University Lowbrow Astronomers

The BW Optik 4” f6 Refractor Kit.

by Clayton Kessler
Printed in Reflections: September, 1999.

Due to my interest in astrophotography I have looked for telephoto camera lenses for some time. Once you get above 200mm or so focal length they become rare and expensive. On the other hand - a few of my observing friends, and many people that are members of the Astrophoto Mailing List (APML), get wonderful shots through short focus refractors. These range from the 70mm Pronto up to 6 and 7” AP’s or Takahashi’s. Well, these scopes are somewhat out of my league, but I began to look around and see what I could afford.

The first thing that I tried was an Orion “Short Tube 80”. This neat little scope of 400mm focal length worked - but problems presented themselves. The biggest problem was field curvature. Stars were stretched in several directions on my shots. Not being an optical expert, I do not know how to correct this - if it can be corrected. I looked through a TeleView 85 at the Texas Star Party and it is a wonderful scope both visually and photographically. The $2,000.00 price tag was kind of a shocker though. I kept coming back to an ad on Bill Burnett’s Internet Telescope Exchange (ITE) website (http://www.iteastronomy.com/). ITE is one of the companies that sells the Russian Maksutov telescopes that are becoming more popular all the time. Bill is advertising a 600mm (4”) f6 “Semi-APO” refractor kit with a triplet objective from BW Optik in Germany. The optical test report and the user comments looked good, so did the price at $750.00 delivered. After reading the ad - oh, maybe a thousand times - I ordered one.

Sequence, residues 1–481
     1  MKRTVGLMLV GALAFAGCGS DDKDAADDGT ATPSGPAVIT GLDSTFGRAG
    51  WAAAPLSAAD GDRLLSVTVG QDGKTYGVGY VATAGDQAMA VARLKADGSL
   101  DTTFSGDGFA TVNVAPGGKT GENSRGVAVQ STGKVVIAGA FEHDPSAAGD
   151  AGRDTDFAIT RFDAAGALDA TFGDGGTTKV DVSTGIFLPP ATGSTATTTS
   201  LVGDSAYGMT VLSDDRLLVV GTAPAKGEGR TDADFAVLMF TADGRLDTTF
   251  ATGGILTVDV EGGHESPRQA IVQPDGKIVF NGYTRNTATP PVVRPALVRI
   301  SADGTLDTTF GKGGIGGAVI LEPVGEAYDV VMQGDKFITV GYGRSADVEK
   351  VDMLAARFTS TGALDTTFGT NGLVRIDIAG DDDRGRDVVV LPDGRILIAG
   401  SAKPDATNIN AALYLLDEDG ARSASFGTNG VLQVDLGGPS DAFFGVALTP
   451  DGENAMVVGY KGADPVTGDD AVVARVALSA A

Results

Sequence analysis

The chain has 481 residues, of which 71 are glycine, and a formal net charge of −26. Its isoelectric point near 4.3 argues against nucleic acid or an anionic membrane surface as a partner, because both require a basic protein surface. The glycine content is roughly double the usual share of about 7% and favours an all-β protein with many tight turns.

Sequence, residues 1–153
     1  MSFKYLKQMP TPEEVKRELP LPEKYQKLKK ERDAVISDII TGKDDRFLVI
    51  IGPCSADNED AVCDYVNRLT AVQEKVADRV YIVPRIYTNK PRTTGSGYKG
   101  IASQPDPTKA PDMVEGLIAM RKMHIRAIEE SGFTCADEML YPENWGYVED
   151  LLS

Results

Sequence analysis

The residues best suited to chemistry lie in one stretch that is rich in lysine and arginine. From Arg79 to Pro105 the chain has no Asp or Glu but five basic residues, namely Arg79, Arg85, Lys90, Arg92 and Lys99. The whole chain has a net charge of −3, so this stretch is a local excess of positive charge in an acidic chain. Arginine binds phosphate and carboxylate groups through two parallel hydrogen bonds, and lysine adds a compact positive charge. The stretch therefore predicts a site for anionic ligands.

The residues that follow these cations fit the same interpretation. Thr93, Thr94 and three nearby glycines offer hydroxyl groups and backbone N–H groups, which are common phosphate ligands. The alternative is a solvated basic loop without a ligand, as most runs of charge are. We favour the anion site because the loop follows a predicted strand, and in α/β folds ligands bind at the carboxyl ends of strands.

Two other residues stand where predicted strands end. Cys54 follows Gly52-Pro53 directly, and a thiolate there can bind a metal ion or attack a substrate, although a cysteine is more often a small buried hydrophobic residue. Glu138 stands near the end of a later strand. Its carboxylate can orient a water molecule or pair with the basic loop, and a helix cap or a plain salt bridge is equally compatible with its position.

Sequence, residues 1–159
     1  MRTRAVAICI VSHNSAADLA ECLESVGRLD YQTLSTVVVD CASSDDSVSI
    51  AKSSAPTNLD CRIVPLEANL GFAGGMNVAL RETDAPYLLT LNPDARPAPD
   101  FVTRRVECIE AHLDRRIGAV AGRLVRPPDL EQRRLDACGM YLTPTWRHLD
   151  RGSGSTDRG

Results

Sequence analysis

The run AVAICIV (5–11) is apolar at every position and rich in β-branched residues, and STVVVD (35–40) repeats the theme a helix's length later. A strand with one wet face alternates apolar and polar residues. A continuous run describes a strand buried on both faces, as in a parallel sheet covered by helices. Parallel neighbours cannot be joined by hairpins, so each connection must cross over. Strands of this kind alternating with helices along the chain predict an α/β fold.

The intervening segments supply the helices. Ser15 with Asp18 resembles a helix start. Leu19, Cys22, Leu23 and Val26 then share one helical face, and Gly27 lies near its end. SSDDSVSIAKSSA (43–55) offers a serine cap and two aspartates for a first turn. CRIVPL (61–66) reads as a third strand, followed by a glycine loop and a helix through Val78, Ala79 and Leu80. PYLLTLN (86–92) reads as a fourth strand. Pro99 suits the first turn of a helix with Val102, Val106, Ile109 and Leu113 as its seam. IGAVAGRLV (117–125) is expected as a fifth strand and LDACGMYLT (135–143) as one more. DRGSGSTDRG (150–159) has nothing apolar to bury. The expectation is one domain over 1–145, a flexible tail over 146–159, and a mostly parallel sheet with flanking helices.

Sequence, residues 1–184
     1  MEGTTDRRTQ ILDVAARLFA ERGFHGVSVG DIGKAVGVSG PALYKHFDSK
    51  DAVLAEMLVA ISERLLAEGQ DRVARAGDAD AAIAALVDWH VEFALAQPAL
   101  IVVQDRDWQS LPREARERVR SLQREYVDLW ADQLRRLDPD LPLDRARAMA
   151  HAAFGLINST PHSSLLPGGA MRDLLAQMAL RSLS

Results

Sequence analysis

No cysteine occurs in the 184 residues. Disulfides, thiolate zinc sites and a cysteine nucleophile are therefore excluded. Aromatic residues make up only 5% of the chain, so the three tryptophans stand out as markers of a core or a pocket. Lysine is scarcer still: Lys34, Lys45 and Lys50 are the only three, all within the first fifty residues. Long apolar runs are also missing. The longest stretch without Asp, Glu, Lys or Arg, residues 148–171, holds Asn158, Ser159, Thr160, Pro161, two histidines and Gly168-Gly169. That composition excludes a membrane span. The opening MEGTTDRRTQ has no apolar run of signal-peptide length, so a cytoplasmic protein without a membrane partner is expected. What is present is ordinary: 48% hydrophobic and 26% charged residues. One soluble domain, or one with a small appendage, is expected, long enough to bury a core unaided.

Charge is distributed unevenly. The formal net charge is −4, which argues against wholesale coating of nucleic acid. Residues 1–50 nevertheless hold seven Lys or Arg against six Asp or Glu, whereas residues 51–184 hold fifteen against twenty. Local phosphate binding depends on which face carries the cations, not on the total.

Delivering The Goods

It took a little while to get. Apparently the unrest in Eastern Europe added to the time involved in getting objectives from Germany, but it finally arrived. It was a happy day when the UPS driver dropped off the long awaited refractor kit. I was able to tear into the boxes and fondle all the bits and pieces for this “antique” telescope (sorry, inside joke?). I was pleasantly surprised by the quality of the components that were supplied. The “Fiber” tube turned out to be a high quality and nice looking piece of phenolic tubing. It was very round and straight and perfectly suitable for a telescope tube. The focuser was the same one that is used on the Russian Mak’s and is a nice piece of work for visual use. The ads for the scope warn that the supplied focuser may not be “stiff” enough for photographic use, and that is the case, but it works very well visually. The objective came mounted in a cell and is a heck of a chunk of glass. The objective cell has a cam ring designed in to aid in optical alignment of the telescope. The kit included a 2” extension tube, which allows you to use different eyepieces / cameras and still come to focus. A multi purpose mounting rail was included that has a dovetail and several 1/4-20 and 3/8-16 tripod screw holes. The “finder scope” supplied was actually a 4X40 rifle scope and rings. While I elected not to use this, I do not see why it will not be effective.

Getting It Together